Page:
The other day, I talked a lot about my fabric selection process for the Balinese quilt. Today, I thought I would share a little about the process of making a half-hex quilt.
To be honest, I had been wanting a 10″ hex template, but the largest template my local quilt shop carried was this one. I decided to purchase it, however, because of its versatility. Using it, I can cut hexes or half hexes in 8″, 6″, 4″ and 2″ sizes, as well as varying sizes of triangles (to fit between hexagons), and tear drop shapes. I figured, if I could cut multiple shapes and sizes, I would be more likely to use this template again some time. I hope that turns out to be true!
To cut half hexes is very easy. I first cut a strip of fabric that was 4.5″ by WOF. Then, I positioned the template on the strip of fabric, lining up the top and top edges of the template with the edges of the fabric. Then I only had to cut along each side of the template using my rotary cutter. It was important to cut the little indents at the bottom of the template, because eliminating those “rabbit ears” right away helps you line up the half hexes for sewing. Cut one half-hex, then flip the template upside down – if you cut neatly, you should only have to cut down one side on the subsequent cuts.
Anyway, I cut all my hexes and lined them up on my design wall the way I wanted them. Once I was happy with the arrangement, I was able to start sewing the hexes in long columns.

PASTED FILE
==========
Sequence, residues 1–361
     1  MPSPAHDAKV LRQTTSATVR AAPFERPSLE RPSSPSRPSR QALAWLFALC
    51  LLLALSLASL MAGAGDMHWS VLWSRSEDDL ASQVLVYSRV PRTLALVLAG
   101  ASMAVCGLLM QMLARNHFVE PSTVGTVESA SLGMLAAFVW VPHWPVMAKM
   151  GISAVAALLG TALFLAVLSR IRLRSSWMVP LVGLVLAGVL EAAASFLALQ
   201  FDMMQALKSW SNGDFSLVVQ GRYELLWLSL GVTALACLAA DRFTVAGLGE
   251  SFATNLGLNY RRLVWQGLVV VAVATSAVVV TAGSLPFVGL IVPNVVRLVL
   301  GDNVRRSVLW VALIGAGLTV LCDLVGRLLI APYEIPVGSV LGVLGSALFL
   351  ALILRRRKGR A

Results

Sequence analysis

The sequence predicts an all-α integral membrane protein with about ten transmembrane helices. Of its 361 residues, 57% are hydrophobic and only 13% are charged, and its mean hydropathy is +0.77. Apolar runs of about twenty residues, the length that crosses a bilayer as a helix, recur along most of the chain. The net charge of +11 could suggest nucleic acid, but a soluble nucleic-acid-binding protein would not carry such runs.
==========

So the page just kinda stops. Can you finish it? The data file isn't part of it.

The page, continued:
You place the half-hex in the number one position, and position in face up. (I marked my “number 1” in the chain with a piece of masking tape, so I wouldn’t forget which end was the top.) Then, place the number two half-hex right side down, lining up the edges — and see how the snipped-off corners make them fit perfectly? Then sew along that edge and press the seam to the dark side.
See? Two halves sewed neatly together. Continue on down the column, to the end. Then start again with the next column! Once your columns are finished, you will join your hexes using straight seams — easy! No funky piecing, no inset seams.
Here are several of my columns on my design wall – see, all the tops are marked with masking tape. I think half-hexes are great for creating a complex-looking pattern, using very easy piecing. I was really pleased with how quickly the top came together. I mean, there were a lot of pieces to sew – about 338, including all the end pieces – but very straightforward and efficient.
Yes, I’m pretty happy with this quilt. I might have to make a similar one for myself, one of these days!